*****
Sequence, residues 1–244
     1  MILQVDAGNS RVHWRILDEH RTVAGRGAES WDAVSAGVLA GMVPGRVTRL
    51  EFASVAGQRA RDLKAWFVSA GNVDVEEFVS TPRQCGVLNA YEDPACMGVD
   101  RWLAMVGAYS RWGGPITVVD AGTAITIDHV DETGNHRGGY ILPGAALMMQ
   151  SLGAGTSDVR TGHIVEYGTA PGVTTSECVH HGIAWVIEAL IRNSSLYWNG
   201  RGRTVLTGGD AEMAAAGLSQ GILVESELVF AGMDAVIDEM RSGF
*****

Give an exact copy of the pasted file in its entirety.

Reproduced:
Sequence, residues 1–244
     1  MILQVDAGNS RVHWRILDEH RTVAGRGAES WDAVSAGVLA GMVPGRVTRL
    51  EFASVAGQRA RDLKAWFVSA GNVDVEEFVS TPRQCGVLNA YEDPACMGVD
   101  RWLAMVGAYS RWGGPITVVD AGTAITIDHV DETGNHRGGY ILPGAALMMQ
   151  SLGAGTSDVR TGHIVEYGTA PGVTTSECVH HGIAWVIEAL IRNSSLYWNG
   201  RGRTVLTGGD AEMAAAGLSQ GILVESELVF AGMDAVIDEM RSGF